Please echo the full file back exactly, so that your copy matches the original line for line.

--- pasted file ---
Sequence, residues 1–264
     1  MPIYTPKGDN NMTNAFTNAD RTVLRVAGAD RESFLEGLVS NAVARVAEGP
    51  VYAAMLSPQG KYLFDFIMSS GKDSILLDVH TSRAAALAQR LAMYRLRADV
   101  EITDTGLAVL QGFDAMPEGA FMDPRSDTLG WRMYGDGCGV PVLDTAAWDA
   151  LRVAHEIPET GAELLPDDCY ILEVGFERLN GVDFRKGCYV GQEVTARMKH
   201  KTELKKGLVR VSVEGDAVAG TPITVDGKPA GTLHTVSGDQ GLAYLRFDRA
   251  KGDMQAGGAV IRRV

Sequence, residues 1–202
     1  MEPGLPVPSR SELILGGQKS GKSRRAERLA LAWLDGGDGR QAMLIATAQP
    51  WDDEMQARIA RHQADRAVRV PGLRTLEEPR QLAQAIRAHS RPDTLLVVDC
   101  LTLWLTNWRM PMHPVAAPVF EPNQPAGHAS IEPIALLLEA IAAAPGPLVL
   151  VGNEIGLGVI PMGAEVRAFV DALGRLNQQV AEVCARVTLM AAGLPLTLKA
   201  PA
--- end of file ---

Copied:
Sequence, residues 1–264
     1  MPIYTPKGDN NMTNAFTNAD RTVLRVAGAD RESFLEGLVS NAVARVAEGP
    51  VYAAMLSPQG KYLFDFIMSS GKDSILLDVH TSRAAALAQR LAMYRLRADV
   101  EITDTGLAVL QGFDAMPEGA FMDPRSDTLG WRMYGDGCGV PVLDTAAWDA
   151  LRVAHEIPET GAELLPDDCY ILEVGFERLN GVDFRKGCYV GQEVTARMKH
   201  KTELKKGLVR VSVEGDAVAG TPITVDGKPA GTLHTVSGDQ GLAYLRFDRA
   251  KGDMQAGGAV IRRV

Sequence, residues 1–202
     1  MEPGLPVPSR SELILGGQKS GKSRRAERLA LAWLDGGDGR QAMLIATAQP
    51  WDDEMQARIA RHQADRAVRV PGLRTLEEPR QLAQAIRAHS RPDTLLVVDC
   101  LTLWLTNWRM PMHPVAAPVF EPNQPAGHAS IEPIALLLEA IAAAPGPLVL
   151  VGNEIGLGVI PMGAEVRAFV DALGRLNQQV AEVCARVTLM AAGLPLTLKA
   201  PA